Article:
Central bank digital currencies (CBCD) are not required to promote faster payments and could potentially threaten financial stability and privacy, academics have claimed.
According to a report in the Financial Times, academics Stephen Cecchetti and Kim Schoenholtz argue that CBDC are “not needed” since public and private sectors already provide cheaper, faster, more reliable, and more accessible systems.
Non-CBCD services include the TIPS system in Europe, Faster Payments in the UK. The Federal Reserve is also set to launch its own instant payments service, FedNow in 2023.
The pair also highlight that privacy is an issue since CBDC results in transactions becoming traceable which poses “serious threats” to personal liberty.
Cecchetti and Schoenholtz said that CBCD is being spurred by “fear of being left behind” and advises that central banks should “go slowly to ensure a safe design”.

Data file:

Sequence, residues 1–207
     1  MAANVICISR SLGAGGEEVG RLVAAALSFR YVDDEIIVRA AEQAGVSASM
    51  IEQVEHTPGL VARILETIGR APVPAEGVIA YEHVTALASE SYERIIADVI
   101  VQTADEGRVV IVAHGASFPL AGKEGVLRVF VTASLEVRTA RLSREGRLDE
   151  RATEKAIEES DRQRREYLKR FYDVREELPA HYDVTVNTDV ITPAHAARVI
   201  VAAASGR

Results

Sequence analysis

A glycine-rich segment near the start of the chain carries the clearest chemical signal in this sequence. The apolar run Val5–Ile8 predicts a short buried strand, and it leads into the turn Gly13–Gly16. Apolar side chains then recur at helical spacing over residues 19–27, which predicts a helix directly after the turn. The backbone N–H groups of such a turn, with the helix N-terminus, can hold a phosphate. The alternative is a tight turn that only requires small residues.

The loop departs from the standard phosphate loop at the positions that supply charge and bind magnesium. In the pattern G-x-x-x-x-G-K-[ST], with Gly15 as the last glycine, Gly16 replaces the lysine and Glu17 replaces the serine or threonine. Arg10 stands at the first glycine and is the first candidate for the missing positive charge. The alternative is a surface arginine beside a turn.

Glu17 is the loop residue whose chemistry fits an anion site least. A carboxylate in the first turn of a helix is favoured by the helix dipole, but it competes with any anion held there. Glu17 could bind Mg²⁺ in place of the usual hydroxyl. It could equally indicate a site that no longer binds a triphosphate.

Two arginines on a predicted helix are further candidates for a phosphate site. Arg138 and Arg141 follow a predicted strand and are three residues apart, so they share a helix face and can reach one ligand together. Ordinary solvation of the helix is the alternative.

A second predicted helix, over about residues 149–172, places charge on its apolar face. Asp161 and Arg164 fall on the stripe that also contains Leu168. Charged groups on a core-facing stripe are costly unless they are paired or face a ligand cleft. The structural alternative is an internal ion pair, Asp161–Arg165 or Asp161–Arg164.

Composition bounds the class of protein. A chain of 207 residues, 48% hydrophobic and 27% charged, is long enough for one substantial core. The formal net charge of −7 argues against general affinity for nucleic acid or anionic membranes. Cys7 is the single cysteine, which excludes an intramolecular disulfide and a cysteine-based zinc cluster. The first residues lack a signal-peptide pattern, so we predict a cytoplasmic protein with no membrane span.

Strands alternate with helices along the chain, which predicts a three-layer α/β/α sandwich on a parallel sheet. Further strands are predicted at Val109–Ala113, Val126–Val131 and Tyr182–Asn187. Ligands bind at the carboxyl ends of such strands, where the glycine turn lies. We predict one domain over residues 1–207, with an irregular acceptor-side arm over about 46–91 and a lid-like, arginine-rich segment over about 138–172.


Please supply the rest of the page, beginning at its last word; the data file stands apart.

As cryptocurrencies surge in popularity, US regulators have been exploring how the sector might be regulated.
Last month, the American Bankers Association (ABA) highlighted its regulatory concerns around crypto assets. In a letter to the Federal Deposit Insurance Corporation the ABA has urged for clarity around what types of digital asset activity are allowed for banks.
The report said: “Because of the novel nature and rapid development of crypto, the regulatory framework surrounding the space is constantly evolving. A main focus for regulators has been the desire to promote responsible innovation while protecting against risks.”
Although progress has been made in the ‘cryptofed’ sector. In July, the American CryptoFed DAO was legally recognised by the state of Wyoming as the country’s first decentralized autonomous organization.
CEO of the American CryptoFed DAO, Marian Orr commented that the DAO law has created an opportunity for a “true digital currency with mass acceptance to be possible”.